However, the facility - which is still running well below capacity - is a concern. While it processes 1.2 million cases every week it could handle 1.8 million. The significance of this for Nisa retailers is brought to bear when you consider that a drop of just 50,000 cases translates to retailers having to pay 10p more for every case they order.
This need to drive volume has prompted a massive recruitment drive for new members. Last October, Turton told delegates at the group's conference in Sorrento that he was looking to recruit 300 new members, each with annual sales of more than £1m, during the next year.
He insists Nisa is on track to meet this target, but of course nothing with Nisa is that simple. When Chalfont Foodhalls sold up to Midcounties Co-op in October, Nisa had to recruit 20 new members to fill the void, he reveals. Nisa has actually added 120 members with combined sales of about £107m but it has also lost £65m of sales through members leaving.
Turton is concerned by a potential wave of acquisitions of independents by the big four after the Competition Commission appeared to give the green light for new deals. Sainsbury's has already bought two supermarkets owned by Nisa member Curley's in January. "It is becoming harder to find new members and grow this volume," he says.
Turton is keen to explore new opportunities and is looking to crack the Republic of Ireland. Nisa has been supplying an unnamed retailer there on a trial basis for five months, he reveals. The contract represents about 6,000 cases a week and could easily be the vanguard of a much bigger operation in the future.
"We are sending 180,000 cases a week to Northern Ireland, so it is not a problem to send a few more thousand cases across the border," he says. "We have recruited a business development manager for the north and south of Ireland and are working to evaluate opportunities."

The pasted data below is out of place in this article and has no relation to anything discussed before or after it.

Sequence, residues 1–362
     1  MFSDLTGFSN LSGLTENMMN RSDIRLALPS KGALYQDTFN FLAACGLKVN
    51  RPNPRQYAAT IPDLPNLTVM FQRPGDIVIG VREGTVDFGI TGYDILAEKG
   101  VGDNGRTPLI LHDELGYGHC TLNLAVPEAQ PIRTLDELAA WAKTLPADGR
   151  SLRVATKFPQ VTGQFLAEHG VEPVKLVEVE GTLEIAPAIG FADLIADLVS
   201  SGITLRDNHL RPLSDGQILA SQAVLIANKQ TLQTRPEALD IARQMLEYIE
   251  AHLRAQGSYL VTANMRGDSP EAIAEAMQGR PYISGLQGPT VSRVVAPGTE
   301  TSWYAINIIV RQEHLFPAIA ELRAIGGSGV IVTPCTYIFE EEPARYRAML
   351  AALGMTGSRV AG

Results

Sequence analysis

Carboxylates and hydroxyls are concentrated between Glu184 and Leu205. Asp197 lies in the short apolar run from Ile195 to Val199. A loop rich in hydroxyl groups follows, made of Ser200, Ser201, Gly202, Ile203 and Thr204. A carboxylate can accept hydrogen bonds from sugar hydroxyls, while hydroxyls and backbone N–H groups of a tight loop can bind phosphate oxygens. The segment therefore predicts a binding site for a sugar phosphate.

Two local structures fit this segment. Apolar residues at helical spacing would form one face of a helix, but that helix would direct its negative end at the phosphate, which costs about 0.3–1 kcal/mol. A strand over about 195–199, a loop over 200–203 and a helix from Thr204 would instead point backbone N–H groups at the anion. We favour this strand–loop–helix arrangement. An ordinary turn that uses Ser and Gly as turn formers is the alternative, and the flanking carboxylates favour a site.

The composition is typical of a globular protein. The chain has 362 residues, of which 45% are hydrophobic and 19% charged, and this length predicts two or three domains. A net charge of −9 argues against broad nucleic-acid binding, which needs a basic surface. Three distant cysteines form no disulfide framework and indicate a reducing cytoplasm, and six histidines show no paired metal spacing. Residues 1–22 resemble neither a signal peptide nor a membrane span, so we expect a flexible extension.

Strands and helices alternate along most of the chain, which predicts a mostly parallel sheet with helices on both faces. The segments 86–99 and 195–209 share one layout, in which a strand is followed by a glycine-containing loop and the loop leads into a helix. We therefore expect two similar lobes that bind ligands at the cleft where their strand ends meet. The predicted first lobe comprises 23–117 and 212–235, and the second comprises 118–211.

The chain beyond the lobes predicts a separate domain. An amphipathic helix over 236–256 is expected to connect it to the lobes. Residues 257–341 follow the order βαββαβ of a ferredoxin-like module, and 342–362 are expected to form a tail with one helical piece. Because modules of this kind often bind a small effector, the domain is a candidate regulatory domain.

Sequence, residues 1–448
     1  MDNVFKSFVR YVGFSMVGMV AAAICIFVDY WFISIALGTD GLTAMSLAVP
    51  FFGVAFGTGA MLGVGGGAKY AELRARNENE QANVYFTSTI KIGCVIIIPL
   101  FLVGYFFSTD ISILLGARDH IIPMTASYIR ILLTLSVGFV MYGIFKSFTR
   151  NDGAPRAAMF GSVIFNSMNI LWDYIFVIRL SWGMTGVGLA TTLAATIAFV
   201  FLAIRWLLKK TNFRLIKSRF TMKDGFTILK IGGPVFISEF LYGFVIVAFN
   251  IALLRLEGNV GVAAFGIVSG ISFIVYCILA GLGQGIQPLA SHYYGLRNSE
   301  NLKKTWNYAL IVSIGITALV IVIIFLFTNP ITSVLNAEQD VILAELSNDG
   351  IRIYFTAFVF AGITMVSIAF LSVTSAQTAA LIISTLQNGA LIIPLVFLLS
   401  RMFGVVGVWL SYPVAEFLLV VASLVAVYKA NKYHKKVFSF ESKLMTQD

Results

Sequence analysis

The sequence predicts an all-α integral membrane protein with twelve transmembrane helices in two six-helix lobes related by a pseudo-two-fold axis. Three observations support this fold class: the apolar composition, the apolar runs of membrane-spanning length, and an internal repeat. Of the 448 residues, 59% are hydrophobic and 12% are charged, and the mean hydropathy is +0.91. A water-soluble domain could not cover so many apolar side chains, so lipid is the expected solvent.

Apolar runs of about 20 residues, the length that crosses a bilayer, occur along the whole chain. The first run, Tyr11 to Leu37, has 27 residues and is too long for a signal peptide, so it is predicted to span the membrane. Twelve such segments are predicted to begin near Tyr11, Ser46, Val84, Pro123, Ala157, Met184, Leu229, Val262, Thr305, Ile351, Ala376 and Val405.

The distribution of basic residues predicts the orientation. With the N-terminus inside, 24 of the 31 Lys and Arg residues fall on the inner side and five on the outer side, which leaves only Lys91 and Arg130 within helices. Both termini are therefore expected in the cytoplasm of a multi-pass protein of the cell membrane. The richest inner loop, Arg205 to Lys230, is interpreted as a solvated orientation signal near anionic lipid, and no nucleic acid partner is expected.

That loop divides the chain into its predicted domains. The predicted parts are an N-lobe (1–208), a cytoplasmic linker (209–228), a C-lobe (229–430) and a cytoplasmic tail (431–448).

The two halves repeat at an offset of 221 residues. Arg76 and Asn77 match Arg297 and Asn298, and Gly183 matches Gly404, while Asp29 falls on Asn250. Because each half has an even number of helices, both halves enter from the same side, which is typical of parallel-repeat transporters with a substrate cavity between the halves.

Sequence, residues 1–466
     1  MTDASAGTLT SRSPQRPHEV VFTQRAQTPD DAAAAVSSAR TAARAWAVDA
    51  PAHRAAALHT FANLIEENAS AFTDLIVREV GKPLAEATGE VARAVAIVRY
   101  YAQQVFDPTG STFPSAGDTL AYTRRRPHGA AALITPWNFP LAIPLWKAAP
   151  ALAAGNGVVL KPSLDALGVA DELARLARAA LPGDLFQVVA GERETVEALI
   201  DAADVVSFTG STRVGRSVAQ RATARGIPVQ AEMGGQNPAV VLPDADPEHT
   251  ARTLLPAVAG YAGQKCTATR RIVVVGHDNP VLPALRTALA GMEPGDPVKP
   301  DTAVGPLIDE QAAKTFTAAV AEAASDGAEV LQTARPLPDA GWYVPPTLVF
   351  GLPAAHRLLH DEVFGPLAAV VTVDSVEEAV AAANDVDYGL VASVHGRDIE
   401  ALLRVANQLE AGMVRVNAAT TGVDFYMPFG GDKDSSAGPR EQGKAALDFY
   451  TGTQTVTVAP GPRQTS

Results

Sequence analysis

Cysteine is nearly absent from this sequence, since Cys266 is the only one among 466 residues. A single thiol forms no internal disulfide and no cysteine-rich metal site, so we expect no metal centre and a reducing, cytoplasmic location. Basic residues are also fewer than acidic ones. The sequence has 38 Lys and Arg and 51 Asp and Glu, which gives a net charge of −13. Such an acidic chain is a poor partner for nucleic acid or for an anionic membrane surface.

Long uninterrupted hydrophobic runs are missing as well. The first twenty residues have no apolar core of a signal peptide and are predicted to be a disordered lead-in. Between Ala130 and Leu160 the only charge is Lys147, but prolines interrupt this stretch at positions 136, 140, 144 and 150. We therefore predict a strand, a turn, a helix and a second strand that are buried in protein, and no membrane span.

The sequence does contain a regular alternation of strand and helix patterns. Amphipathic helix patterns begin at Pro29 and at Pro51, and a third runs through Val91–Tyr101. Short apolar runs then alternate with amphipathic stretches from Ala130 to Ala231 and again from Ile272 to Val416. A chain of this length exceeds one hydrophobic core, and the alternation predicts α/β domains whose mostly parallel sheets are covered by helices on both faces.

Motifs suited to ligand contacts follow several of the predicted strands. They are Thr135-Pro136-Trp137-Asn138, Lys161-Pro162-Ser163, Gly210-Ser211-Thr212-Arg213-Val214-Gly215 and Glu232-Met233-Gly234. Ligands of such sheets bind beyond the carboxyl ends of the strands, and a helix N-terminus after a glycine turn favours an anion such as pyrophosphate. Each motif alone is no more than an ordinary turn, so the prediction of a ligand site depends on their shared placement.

He has also suggested he may be willing to offer the use of its supply chain to other wholesale or retail groups, but says any agreement would need to be worked through thoroughly before going ahead.
The business plan Turton will present to the board in May could be the most crucial in the group's history, but it is clear the company is moving in the right direction. As well as growing sales and returning profit to members, there are plenty more reasons to be cheerful. The group's New Era Trading Terms (NETT), aimed at getting members to buy a higher percentage of goods through Nisa's central distribution network, continue to grow sales. While group sales are up 5%, those members signed up to NETT have recorded a 9% like-for-like increase. The new terms were not universally welcomed when introduced two years ago, but Turton says the results are making it more attractive for those not yet signed up.
The group's net assets grew £2m in the past year while investments in technology and infrastructure have helped reduce stock holding by a day.
But it's clear there are some tough decisions ahead as Turton looks to transform Nisa into a "modern, sustainable company". It's easy to see why he is hoping for a quiet year on the political front to give him a chance to get things done.nsnapshot
Name: Neil Turton
Education: Joined Marks & Spencer's management training scheme at 18 after doing his A levels at Barnsley 6th form college. "My exam results were good and I probably should have taken the opportunity to go to university, but the lure of retail and the training was too good to miss."
Career to date: Spent six years at M&S before joining Nisa in 1991 as own brands controller because he wanted to move into buying and opportunities were closed at M&S. He has worked his way up, doing virtually every job at the company over 17 years.
What do you like doing in your spare time?: "Most of my spare time is spent acting as a taxi driver for my children, James and Emma. I am also a primary school governor. I work all the time really and am secretly having an intense relationship with my Blackberry."
How are you enjoying Barnsley's FA Cup run? "It's wonderful. I can't believe we were 1-0 down with five minutes to go at home to Blackpool in the third round. I'll be at Wembley for the semi-final with three generations of Turtons. My dad has been watching the Reds since 1938. The last time Barnsley won the cup they had a collection for the victims of the Titanic at half time, so perhaps it's time we had a bit of luck."